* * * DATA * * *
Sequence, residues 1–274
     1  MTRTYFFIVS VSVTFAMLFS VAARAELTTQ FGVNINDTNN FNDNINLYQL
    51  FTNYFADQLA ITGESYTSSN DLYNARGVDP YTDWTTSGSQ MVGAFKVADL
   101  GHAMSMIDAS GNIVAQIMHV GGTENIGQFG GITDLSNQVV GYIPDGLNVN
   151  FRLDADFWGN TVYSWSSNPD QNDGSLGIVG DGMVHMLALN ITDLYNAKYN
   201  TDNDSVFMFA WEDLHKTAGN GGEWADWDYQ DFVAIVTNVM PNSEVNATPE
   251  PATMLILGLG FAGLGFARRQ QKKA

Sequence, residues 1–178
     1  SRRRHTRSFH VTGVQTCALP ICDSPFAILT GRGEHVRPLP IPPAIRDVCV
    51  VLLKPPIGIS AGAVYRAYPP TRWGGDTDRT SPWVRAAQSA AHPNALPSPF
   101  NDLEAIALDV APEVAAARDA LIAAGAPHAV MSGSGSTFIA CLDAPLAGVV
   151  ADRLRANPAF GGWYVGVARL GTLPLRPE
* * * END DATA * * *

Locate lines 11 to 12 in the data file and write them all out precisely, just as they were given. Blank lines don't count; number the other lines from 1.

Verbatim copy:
   101  NDLEAIALDV APEVAAARDA LIAAGAPHAV MSGSGSTFIA CLDAPLAGVV
   151  ADRLRANPAF GGWYVGVARL GTLPLRPE